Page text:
By News-Argus Staff
Published in News on February 2, 2005 2:01 PM
Snakes and collards
Are there snakes in the collards at the supermarket?
Dr. Karen Baldwin of East Carolina University will talk about this and other urban legends Thursday at the Wayne County Public Library, 1001 E. Ash St. The program begins at 7 p.m. in the Weil auditorium.
The program, which is free and open to the public, is the first taste of Wayne County Reads 2005. Dr. Baldwin's visit is courtesy of the Humanities Forum, N.C. Humanities Council.
The Education Foundation of Wayne County public schools is working with Harris Directory to produce an alumni directory. The directory will allow graduates to keep in touch with friends and colleagues and provide the school system with information on graduates.
The directory will feature information on graduates from the public schools, past and present, and for all class years. The Harris company will also be contacting graduates to provide biographical details such as current name, address, phone number and professional information.
Unfortunately, due to the smaller volume of graduates, directories for Rosewood and Spring Creek are not being done at this time.
Graduates are encouraged to contact Harris Graduate Connection via e-mail at firstname.lastname@example.org. Include the name of your high school in the subject line. For regular mail, send information to: Education Foundation for Wayne County Public Schools Alumni Directory Project, c/o Harris Graduate Connection, 6300 Center Drive, Norfolk, VA 23502.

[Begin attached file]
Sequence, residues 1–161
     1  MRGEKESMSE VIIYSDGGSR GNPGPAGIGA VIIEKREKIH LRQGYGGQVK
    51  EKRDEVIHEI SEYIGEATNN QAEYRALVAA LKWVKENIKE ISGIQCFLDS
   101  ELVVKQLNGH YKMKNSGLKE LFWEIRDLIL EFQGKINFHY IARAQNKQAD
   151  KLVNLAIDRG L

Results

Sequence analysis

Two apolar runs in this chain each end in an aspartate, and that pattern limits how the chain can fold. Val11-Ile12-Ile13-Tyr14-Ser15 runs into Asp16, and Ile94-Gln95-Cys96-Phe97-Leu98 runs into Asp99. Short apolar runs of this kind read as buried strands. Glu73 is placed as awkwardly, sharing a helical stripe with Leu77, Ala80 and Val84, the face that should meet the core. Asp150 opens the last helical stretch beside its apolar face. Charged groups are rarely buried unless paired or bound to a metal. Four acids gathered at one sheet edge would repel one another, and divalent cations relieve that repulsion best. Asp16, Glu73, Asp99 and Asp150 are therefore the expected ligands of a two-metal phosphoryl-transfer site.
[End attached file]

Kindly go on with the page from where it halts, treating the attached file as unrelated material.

The N.C. Department of Revenue is encouraging taxpayers to file their returns electronically, which has the benefit of quicker tax refunds.
Those who file their state and federal tax forms electronically typically get their state refund within four weeks or less, much quicker than traditional paper filing.
North Carolina has participated in the Federal/State Electronic Filing program for 12 years. People can either file state and federal returns simultaneously or just their N.C. return.
State residents have filed more than 8 million returns since the program began, including 1.5 million last year.
In addition to being speedier, electronic filing is more accurate because the returns are prepared with software that checks and verifies all calculations -- reducing the number of mathematical errors, the department says.
Taxpayers also receive an immediate confirmation that their return has been received, giving the taxpayer immediate proof of filing.
And with electronic filing, taxpayers who owe the state money can also file their returns early and wait until the due date to pay the amount they owe. They can also have their refund deposited directly into their checking or savings account.
People with personal computers and modem can file returns by using certain approved tax preparation software. Also, many tax professionals will file federal and state returns electronically for a fee -- even if taxpayers prepare their own returns.
For a list of tax professionals who offer electronic filing, go to www.dor.state.nc.us.
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